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Shut Up About Your Rocket, or, Why You Need Writer Friends

Shut Up About Your Rocket, or, Why You Need Writer Friends

My husband won’t shut up about rockets. For the past few months he’s been designing and printing model rockets on his 3-D printer (because yes, he has one of those), and he is OBSESSED.

“Can I show you my launch pad?” he says, coming at me with a plastic box spewing red and blue wires out the back.

I sigh because this is the fourth time in past few hours that he’s wanted to show me something rocket-related. I know he’s proud of his handiwork and wants to show it to someone, so I say sure. He then goes into a detailed description about all the buttons and wires while my eyes glaze over.

In fact, a normal conversation these days (if you can call this a conversation) might go something like this:

ME: “So I read an article about how to transition your baby out of swaddling.”

HIM: “I finished fiber-glassing my rocket last night.”

ME: “I think she might be going through a growth spurt. She was cranky and eating a lot today.”

HIM: “Now I just need to sand it and get the wireless in my raspberry pi zero working.”

It’s both funny and sad how I can talk of seemingly nothing but our baby these days, and Paul can talk of nothing but his baby, the rocket. Of course, there is one difference: Paul actually cares about our baby, whereas I care not a whit about his rockets.

 

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Paul with a model rocket he built two summers ago.  He’s working on MUCH larger ones now.

 

That’s why I was excited when he found out about a local model rocket club that meets once a month. “Dear god, please go,” I told him. “Please make friends with people who are interested in rockets.”

We were taking the baby on a walk around the block when I said this, and then I added, “I mean, I don’t talk to you about my writing.  I talk to other writers about my writing. In fact, I’m going to dinner with a friend in a few days, and we plan to discuss the novel I’m working on because she just finished reading it.”

Paul said he felt bad that he hadn’t read my latest novel.

“It’s really okay,” I told him. “I have writer friends for that exact purpose.” I told him about the time I saw Joyce Carol Oates speak. “She said that her husband never read any of her books, and she liked it that way. They had plenty of things they shared, but her writing wasn’t one of them.”

Paul then apologized for talking excessively about rockets. “But I wish I had friends I could talk to about my interests,” he said, looking forlorn.

I feel bad for him. His interests (theoretical physics, model rockets, extremely sophisticated mathematics, 3-D printing) are ones that not many people share. He sometimes feels isolated and alone in his endeavors. And when he makes an exciting breakthrough, no one is able to appreciate it with him.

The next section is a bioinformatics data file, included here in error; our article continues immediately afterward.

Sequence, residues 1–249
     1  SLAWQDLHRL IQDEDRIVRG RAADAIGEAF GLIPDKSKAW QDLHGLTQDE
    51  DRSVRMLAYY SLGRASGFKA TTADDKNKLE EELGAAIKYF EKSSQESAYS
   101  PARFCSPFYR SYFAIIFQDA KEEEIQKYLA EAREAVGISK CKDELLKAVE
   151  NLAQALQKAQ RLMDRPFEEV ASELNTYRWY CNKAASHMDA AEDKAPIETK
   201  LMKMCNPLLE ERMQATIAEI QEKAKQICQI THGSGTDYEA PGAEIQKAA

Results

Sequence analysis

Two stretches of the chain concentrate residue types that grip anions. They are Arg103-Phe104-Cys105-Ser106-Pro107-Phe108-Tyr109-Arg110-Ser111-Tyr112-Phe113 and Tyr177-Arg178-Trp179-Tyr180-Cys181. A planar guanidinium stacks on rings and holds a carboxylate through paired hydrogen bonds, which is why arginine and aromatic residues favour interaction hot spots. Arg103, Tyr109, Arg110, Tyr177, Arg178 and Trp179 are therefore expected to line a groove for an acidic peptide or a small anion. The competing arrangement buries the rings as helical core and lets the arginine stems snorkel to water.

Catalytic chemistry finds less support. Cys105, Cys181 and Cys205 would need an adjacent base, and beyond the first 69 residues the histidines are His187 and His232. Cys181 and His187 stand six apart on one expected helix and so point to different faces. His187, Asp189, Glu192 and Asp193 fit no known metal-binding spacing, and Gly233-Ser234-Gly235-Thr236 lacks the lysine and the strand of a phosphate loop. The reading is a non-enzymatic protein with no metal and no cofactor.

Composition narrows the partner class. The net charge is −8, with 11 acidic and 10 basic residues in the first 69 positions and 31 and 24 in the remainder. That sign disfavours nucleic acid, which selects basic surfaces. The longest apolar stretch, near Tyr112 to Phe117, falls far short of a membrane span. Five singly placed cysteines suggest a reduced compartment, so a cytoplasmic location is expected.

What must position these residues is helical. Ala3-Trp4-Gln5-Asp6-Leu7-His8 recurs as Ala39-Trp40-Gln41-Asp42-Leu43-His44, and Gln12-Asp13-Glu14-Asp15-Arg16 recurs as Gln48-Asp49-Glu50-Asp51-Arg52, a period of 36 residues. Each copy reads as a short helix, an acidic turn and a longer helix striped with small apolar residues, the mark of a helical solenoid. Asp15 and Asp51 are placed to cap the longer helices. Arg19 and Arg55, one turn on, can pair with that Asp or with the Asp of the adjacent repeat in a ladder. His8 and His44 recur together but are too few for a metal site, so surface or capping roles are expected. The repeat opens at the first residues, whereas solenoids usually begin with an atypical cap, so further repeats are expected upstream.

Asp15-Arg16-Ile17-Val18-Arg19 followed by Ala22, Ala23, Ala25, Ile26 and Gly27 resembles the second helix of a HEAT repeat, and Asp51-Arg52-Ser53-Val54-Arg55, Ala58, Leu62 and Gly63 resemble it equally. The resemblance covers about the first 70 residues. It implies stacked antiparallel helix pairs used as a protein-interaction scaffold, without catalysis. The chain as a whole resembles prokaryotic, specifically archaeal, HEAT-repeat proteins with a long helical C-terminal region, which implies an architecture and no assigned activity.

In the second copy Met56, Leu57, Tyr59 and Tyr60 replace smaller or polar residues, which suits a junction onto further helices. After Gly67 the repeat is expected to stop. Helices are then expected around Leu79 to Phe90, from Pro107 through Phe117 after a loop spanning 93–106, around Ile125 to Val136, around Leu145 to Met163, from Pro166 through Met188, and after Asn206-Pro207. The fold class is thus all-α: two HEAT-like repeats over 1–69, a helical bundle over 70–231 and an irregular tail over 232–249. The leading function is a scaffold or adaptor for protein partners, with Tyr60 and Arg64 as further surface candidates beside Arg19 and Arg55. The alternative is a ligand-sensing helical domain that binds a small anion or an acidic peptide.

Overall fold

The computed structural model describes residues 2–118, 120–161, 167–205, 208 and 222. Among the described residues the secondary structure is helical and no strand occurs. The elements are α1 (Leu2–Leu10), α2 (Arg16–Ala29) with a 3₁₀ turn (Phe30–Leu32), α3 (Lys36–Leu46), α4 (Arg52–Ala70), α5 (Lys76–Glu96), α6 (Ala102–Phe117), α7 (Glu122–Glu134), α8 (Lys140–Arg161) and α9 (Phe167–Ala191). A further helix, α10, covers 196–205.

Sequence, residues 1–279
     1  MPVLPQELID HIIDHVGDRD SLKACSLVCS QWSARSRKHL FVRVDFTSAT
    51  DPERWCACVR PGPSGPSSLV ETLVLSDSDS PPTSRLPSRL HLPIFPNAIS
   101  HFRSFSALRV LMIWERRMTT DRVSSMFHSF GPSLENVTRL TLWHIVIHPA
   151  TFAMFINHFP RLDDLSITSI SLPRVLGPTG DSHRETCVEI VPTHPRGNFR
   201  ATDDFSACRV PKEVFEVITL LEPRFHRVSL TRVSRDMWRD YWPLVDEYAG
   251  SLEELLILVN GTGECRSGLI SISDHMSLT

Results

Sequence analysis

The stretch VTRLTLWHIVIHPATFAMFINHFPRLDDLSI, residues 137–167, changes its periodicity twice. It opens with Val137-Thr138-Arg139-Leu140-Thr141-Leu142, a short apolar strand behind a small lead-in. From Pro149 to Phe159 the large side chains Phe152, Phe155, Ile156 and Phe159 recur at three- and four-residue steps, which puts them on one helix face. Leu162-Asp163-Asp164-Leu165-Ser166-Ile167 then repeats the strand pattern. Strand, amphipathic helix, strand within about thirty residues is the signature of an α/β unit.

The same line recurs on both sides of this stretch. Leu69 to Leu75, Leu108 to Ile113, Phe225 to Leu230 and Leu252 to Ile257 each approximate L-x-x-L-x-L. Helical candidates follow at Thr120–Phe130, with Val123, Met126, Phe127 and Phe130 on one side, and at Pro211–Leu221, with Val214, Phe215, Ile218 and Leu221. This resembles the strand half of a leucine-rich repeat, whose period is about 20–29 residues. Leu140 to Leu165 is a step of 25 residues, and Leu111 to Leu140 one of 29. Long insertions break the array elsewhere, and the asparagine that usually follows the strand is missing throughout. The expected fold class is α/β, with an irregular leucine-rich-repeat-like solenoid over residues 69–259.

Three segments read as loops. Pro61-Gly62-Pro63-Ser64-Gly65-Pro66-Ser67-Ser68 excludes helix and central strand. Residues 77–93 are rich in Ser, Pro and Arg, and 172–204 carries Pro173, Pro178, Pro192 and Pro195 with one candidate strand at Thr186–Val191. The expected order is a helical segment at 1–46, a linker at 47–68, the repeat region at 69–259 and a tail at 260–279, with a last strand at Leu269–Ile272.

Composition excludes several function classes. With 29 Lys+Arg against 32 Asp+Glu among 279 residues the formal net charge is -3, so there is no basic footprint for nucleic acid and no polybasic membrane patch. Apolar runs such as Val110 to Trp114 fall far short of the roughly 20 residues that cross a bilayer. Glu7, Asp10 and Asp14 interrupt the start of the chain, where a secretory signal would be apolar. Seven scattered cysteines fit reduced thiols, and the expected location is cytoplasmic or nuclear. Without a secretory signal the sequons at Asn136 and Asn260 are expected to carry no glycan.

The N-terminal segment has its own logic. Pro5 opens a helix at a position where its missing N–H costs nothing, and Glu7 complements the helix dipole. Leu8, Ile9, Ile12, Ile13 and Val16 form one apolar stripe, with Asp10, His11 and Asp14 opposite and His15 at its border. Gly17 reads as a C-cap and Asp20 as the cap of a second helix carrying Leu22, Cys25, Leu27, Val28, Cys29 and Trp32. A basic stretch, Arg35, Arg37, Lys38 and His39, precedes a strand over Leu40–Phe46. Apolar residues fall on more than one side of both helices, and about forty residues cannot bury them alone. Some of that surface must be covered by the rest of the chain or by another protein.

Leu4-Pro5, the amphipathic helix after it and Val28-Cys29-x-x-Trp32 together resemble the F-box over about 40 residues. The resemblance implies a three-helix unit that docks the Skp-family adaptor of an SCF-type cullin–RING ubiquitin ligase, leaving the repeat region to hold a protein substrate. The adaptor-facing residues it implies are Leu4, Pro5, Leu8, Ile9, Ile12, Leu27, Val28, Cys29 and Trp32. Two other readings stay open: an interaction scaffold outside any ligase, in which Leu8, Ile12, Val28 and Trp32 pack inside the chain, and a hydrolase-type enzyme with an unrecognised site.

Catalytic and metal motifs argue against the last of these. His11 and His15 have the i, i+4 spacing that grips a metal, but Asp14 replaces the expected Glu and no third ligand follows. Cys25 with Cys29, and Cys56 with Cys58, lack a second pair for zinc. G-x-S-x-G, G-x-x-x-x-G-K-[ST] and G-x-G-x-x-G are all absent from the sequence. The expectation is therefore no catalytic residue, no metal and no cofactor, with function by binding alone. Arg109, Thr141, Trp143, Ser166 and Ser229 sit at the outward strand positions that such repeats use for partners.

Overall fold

Again, this is why I’m really excited for him to go to the rocket club.

I’m also super grateful for the friends I have who share my interests.

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Paul does share my interest in the baby, but he has had to tell me to shut up about baby sleep schedules and other such things that I’ve researched to ad nauseam.

 

For example, I’ve recently started hanging out with other new moms. We’ll meet at each other’s houses and let our babies roll around on the floor while we discuss sleep schedules and cloth diapers. They understand when I show up late, with spit up stains on my shirt, and it’s nice to have some low-key adult interaction during the day. I read somewhere once that there can be nothing lonelier than staying at home with your baby.

But you know what else can be lonely? Writing. It’s inherently a solo venture. Which is why I think it’s so important to have people you can talk talk to about your writing (or talk to about writing in general). People with whom you can work through your ideas. People who will read your first draft. People who can sympathize with you about that rejection letter or that scene that just won’t come together.

I’ve found my writer friends in all sorts of places. Some are from my MFA program. Others are from writing groups I’ve been a part of or writing conferences I’ve attended. One is a high school friend. Another is a college friend who happened upon my blog and contacted me.

Because of these wonderful people, I feel supported in my writing life. I write alone, but I don’t feel isolated, and I know that when I have breakthroughs both big and small, these people will celebrate with me.

I’m really hoping the rocket club can provide at least a little bit of this for Paul. Because there are plenty of things that he and I share, but an interest in rockets is definitely not one of them.

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Meagan and I try to get together regularly to discuss our writing.  We also write a monthly blog:  Meagan & Eva’s Middle Grade Bookshelf!